Partners Applaud Intel's vPro, VBI Plans

System builders gave a big thumbs-up to the chip giant's plans, saying it will invigorate their business in whitebooks and other systems.

At the Intel Solutions Summit in San Diego, company executives detailed for channel partners the next vPro desktop management platform, code-named Weybridge, which will be available in the third quarter.

Weybridge, based on the Intel Core 2 Duo E6x50 processor and Q35 Express chipset, is the first platform to incorporate Intel's Trusted Execution Technology, a security technology formerly code-named LaGrande, according to an Intel-authorized supplement distributed at the summit. Weybridge also will support the new management specifications DMWG 1.0 and WS-MAN and Intel Virtualization Technology for Directed I/O (VT-d), the supplement said.

Intel also told partners it will extend vPro to the "Santa Rosa" Centrino Duo chipset, based on the company's Core 2 architecture. The Santa Rosa platform consists of a faster Centrino Duo processor, support for 802.11n Wi-Fi, the new "Crestine" graphics chipset, vPro, and the new "Robson" non-volatile memory technology, designed to boost performance.

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The Santa Rosa platform is expected to make its debut in May, with the related vPro offering coming out soon thereafter.

Quad-core processor support for vPro also is due to be available next quarter with the release of Intel's Q35/33 chipset, code-named Bearlake, according to the supplement.

vPro, unveiled last summer, enables solution providers to quickly create a managed services business.

At a summit roundtable hosted by Intel and CRN, executives from solution providers and system builders Columbus Micro, Proactive Technologies, Coastline Micro and Paragon Development Systems said vPro has given them quick entry to the managed services business -- and the promise of strong margins in the near future.

The Intel partners declined to comment on Weybridge or the planned Santa Rosa vPro version. Still, many summit attendees said they're committed to supporting vPro as a way to get into managed services.

"What Intel has done with vPro is created margin opportunities for the channel," said Pat Taylor, president of Proactive Technologies. "Because the local [IT services] guy who manages all the law offices in town or takes care of the dentists in his area, those people trust him because he's local and knowledgeable and has some sense of control. Now he can take care of them quicker. He can be more proactive, if you will, as far as taking care of problems on-site increases his value to them.

"You can't shop this kind of service, the way you would a machine. There's mystery in that. And, of course, there is margin in mystery," he noted.

What's more, advancing the vPro technology on the server and mobile platforms will be "critical" to the value-add that solution providers bring their customers, Taylor explained.

"We are perceived as white-box builders; we are competing on price alone. When we can get into the storage side of things, the servers, the networking and then, of course, the periphery, we own these accounts," he said. "The value-add is obvious, and our value to the customer goes up, as does our margin. It's critical to the long-term success of the channel."

Another Intel partner at the summit, who didn't participate in the roundtable, said the vPro platform for Centrino will be big.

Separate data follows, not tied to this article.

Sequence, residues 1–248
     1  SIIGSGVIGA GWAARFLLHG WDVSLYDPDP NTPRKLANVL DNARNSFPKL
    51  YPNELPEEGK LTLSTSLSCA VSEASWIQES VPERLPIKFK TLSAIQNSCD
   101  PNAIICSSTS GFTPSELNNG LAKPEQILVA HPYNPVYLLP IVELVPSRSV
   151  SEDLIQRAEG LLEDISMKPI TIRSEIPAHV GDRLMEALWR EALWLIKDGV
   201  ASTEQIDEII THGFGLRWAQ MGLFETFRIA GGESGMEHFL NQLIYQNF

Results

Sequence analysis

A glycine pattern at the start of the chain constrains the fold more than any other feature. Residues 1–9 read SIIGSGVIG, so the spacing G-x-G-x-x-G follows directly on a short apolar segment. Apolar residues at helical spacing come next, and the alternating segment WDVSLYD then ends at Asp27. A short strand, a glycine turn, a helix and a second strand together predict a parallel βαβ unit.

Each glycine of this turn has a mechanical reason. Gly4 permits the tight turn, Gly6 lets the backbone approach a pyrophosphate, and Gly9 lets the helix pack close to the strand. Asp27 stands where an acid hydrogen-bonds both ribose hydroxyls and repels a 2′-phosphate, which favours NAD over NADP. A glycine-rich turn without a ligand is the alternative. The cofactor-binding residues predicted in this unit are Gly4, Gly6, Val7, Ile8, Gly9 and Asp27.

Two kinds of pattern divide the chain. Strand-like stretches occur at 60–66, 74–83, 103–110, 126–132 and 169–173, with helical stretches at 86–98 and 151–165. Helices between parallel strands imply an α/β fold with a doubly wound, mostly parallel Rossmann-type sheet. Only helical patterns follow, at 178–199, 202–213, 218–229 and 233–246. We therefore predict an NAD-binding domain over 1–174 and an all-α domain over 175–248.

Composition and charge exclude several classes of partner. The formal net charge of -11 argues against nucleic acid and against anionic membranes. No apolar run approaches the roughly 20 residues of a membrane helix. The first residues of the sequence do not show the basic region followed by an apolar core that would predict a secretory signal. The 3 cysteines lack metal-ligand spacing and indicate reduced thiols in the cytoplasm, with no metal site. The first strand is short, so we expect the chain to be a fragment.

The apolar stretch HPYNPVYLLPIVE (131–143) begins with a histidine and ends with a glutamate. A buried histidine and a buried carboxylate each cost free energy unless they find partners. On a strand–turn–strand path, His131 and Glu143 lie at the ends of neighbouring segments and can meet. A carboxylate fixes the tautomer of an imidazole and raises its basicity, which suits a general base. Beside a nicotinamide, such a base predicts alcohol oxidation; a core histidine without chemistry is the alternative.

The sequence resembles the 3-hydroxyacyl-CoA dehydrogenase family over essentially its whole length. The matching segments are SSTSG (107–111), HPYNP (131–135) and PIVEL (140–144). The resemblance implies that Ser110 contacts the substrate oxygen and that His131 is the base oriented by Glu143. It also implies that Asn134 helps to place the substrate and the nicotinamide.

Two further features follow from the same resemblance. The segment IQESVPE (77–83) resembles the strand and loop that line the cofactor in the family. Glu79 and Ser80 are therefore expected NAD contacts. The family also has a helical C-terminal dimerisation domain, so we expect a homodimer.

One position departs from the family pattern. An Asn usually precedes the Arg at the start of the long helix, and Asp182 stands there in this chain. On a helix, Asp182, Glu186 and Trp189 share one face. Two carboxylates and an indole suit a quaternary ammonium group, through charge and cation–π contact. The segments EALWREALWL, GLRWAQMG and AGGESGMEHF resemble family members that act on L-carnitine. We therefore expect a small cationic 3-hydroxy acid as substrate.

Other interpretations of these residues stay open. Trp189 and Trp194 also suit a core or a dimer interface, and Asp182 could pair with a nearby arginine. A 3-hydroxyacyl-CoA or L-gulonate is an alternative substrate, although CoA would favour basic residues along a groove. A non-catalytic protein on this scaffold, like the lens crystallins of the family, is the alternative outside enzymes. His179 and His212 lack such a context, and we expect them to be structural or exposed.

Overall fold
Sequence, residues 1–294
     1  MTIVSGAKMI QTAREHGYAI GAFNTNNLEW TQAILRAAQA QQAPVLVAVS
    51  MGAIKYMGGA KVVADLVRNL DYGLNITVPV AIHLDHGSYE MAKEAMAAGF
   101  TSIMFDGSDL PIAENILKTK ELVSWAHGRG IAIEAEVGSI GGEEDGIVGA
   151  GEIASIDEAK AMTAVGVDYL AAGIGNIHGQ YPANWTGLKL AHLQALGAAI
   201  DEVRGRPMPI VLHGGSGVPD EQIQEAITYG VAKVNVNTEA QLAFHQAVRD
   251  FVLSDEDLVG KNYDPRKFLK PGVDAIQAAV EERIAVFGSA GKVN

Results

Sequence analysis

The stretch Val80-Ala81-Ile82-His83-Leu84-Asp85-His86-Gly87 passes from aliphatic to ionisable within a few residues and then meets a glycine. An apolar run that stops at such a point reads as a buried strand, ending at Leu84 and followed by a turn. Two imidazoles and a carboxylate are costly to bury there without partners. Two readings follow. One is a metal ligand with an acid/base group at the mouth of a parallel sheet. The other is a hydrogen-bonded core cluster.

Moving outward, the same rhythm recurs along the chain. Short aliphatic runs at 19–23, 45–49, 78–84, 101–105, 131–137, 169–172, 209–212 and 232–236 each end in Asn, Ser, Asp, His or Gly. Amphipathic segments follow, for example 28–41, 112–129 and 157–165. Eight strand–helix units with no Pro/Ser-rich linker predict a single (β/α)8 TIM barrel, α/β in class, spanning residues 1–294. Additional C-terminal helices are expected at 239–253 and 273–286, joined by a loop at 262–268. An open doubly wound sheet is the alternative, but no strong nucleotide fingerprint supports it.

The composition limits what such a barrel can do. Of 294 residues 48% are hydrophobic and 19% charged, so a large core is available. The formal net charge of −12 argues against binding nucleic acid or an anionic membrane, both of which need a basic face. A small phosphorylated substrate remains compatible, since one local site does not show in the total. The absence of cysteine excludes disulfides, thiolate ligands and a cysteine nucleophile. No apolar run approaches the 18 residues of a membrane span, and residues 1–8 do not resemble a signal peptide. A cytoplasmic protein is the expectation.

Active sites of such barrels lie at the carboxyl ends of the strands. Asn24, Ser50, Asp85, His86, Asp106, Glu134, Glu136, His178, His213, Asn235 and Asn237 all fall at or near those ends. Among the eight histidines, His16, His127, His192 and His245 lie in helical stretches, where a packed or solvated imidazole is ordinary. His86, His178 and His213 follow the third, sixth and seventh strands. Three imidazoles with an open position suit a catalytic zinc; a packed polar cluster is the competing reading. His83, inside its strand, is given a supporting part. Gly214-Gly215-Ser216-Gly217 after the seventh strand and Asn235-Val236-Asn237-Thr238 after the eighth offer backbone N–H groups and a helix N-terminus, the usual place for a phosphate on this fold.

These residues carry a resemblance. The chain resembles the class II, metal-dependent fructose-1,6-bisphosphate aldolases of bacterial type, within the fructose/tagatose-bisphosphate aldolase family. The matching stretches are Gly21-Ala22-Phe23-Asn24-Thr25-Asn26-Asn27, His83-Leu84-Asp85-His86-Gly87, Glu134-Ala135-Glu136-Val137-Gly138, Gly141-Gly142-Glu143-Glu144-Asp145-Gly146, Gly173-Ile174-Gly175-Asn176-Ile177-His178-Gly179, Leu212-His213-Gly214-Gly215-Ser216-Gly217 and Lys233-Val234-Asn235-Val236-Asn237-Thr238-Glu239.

"I am very excited about Santa Rosa -- performance, 800Mhz FSB, 4MB cache, 802.11n, Intel Turbo Memory. The vPro aspects for Santa Rosa are important due to the ability to be able to support a client remotely in the field," said Jeff DiBella, vice president of sales at AOpen Center. "This is key for us being able to sell and support whitebooks. This gives us the ability to provide support for a customer, no matter where they are in the world."

NEXT: Intel details the next VBI Intel also detailed its next-gen VBI initiative, including plans to support Santa Rosa and more form factors and platforms, including blade servers and ultra-mobile PCs.

VBI is a barebones notebook program that enables system builders to buy, customize and sell whitebooks or channel-built notebooks, a fast-growing market that is now owned almost exclusively by larger OEMs. The new VBI form factors are intended to help drive more business for whitebook makers in 2007 and 2008, Intel executives said.

The current VBI offerings are for 14.1-inch and 15.4-inch form factors, but Intel is slated to unveil 12-, 13- and 17-inch form factors plus announce a new aggregator that can respond to partners' time-to-market requirements. In addition, Intel is preparing new VBI chipsets based on the Santa Rosa platform to simplify the development of whitebooks.

VBI is critical to all system builders because mobile PCs remain the biggest growth segment in the PC industry, said roundtable participant Steve Bohman, vice president of operations at Columbus Micro. "If you're not selling your own notebooks, you're running the very distinct risk of losing your customers," he said.

Bohman knows that for a fact, explaining that Columbus Micro experienced such a situation.

"We have a customer that we used to do all of their desktop, mobile and server [systems]. Unfortunately, we were not able to fulfill their mobile needs, lost that business and with it went their desktop business -- not because we fell down, but because they don't buy desktops anymore. So we completely lost their client business," Bohman said.

"Fortunately for us, we still have their server business. Mobile led the way to us losing all their client business. So if you get into the game, you've take the first step toward winning."